The university as an infinite game: Revitalising activism in the academy

Using the ‘infinite game’ metaphor to think about radical inclusion in the University:

Te Ipu Pakore: The Broken Vessel

An article by Niki Harré, Barbara M Grant, Kirsten Locke and myself on academic activism in the Australian Universities’ Review (September 2017):

We offer here a metaphor of the university as an ‘infinite game’ in which we bring to life insight, imagination, and radical inclusion; and resist the ‘finite games’ that can lead us astray. We suggest that keeping the infinite game alive within universities is a much-needed form of academic activism. We offer four vignettes that explore this further: our responsibility to be ‘critic and conscience of society’ and how that responsibility must also turn inwards onto our own institution, the dilemmas of being a woman with leadership responsibilities in an institution that proudly shows off its ‘top girls’, the opportunities we have as teachers to ‘teach the university’ and be taught by our students, and the contradictions we face as activist scholars in our relentlessly audited research personas. We…

View original post 20 more words


Full Access: “Imagining Foucault. On the digital subject and ‘visual citizenship'”

One of the most exciting features in Foucault’s work is his analytics of power in terms of forms of visibility. It allows for a reflection on the conditions of seeing and thinking, thus triggering a seemingly paradoxical move: locating the limits of our perspectives entails simultaneously transgressing these limits. In a way, we decipher our own blind spot. Approaching Discipline and Punish through this perspective brings us to identify the digital subject as a characteristic figure of our time. In contrast to its disciplinarian counterpart, it appears to be an active, though not necessarily political subject. The notion of visual citizenship will help us to go a step further and figure out what it could mean to challenge today’s surveilling gaze.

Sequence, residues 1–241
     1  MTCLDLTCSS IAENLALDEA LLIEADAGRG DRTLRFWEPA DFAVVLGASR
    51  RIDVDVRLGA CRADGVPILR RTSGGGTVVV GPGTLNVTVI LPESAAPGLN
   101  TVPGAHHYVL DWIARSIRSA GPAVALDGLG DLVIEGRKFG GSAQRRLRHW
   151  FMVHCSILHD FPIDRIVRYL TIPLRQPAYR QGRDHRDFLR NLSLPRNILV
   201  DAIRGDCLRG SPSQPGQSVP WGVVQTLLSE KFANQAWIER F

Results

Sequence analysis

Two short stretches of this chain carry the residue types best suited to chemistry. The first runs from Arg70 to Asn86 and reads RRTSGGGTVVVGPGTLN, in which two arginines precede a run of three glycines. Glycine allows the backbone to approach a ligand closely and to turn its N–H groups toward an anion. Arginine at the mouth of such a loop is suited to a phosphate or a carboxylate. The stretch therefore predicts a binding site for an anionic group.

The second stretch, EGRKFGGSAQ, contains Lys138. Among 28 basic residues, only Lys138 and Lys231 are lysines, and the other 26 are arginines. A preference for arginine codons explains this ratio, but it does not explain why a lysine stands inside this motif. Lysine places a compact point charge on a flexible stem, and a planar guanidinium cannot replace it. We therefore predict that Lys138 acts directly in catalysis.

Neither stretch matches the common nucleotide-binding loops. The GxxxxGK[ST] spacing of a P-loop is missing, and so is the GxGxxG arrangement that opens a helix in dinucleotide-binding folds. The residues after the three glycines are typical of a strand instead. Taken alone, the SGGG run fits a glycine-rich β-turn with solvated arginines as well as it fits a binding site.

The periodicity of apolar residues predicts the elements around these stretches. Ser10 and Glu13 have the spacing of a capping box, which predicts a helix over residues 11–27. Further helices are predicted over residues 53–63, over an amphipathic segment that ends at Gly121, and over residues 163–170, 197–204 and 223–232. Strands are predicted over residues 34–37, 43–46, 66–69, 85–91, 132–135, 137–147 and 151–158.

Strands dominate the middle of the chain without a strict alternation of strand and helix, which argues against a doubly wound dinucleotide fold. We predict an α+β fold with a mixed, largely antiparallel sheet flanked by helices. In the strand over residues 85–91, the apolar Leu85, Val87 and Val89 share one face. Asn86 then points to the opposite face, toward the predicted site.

Link: Imagining Foucault. On the digital subject and “visual citizenship”

New book: The Quantified Self in Precarity: Work, Technology and What Counts

Forthcoming book from Phoebe Moore:


My next book is about to come out. Published by Routledge, this is the summation of about four years of work I have been doing on the quantified self at work. The Quantified Self in Precarity: Work, Technology and What Counts is the state of the art text on how technology and the use of technology for management and self-management changes the ‘quantified’, precarious workplace today.

Humans are accustomed to being tool bearers, but what happens when machines become tool bearers, where the tool is seemingly ever more precise in its calculation about human labour via the use of big data and people analytics by managements? Data, as quantified output, is treated as a neutral arbiter and judge, and is being prioritised over qualitative judgements in ‘agile’ key performance indicator management systems and digitalised client based relationships. From insecure ‘gig’ work to workplace health and wellness initiatives in office work…

View original post 1,335 more words

Sloterdijk on autonomous fantasies



“As soon as one concedes the self-immunizing, individual-space-creating purpose of ‘originality,’ or rather of micromanic competency (extending to kitsch and delirium), the constitutive avoidance of reality evident in most human utterances, even a certain degree of hallucination, can be taken as indicating the successful installation of individuals and small groups in their own self-will. Those who are original wear self-woven garments.” (emphasis mine)

– Sloterdijk, Foams. Spheres III. p. 240

Nietzsche’s critique of Stoicism

Screen Shot 2016-03-04 at 7.14.46 PM

I’ve been taking my time wading through the different sections of the recently published Routledge Handbook of the Stoic Tradition. This collection is excellent for getting an overview of where the scholarship is on Stoicism is right now, from Ancient Greek and Roman sources to the contemporary Stoic revival.

It goes without saying that, as a non-specialist, I was initially drawn to this publication because there has been a popular revival of Stoic philosophy, especially in the past few years. I’ve covered some of this trend in earlier posts. My entry on Tim Ferriss and Tara Brach focused on how Eastern meditation was being blended along with Stoic philosophy in order to produce a version of Mindfulness ready-made for Bay Area entrepreneurs. The Ferriss-Brach hybrid (blending Buddhist meditation techniques with Stoic techniques drawn from Seneca’s Letters to Lucilius) has the goal of redefining success in a post-Jobsian era. the-tao-of-senecaWhereas Steve Jobs expressed the era of complete devotion to the perfect product at the expense of healthy relationships and fulfillment in life more generally, the new Silicon Success strategies emphasize a centered frame of mind that balances personal productivity and group work in order to maximize one’s influence on potential followers. Stoic Mindfulness is good for business because its emphasis on self-control and happiness mitigates awry emotions, producing an entrepreneur who is now free to hack themselves to perfection while simultaneously establishing a carefully constructed bond with potential followers. “Always Hinged” could be their slogan.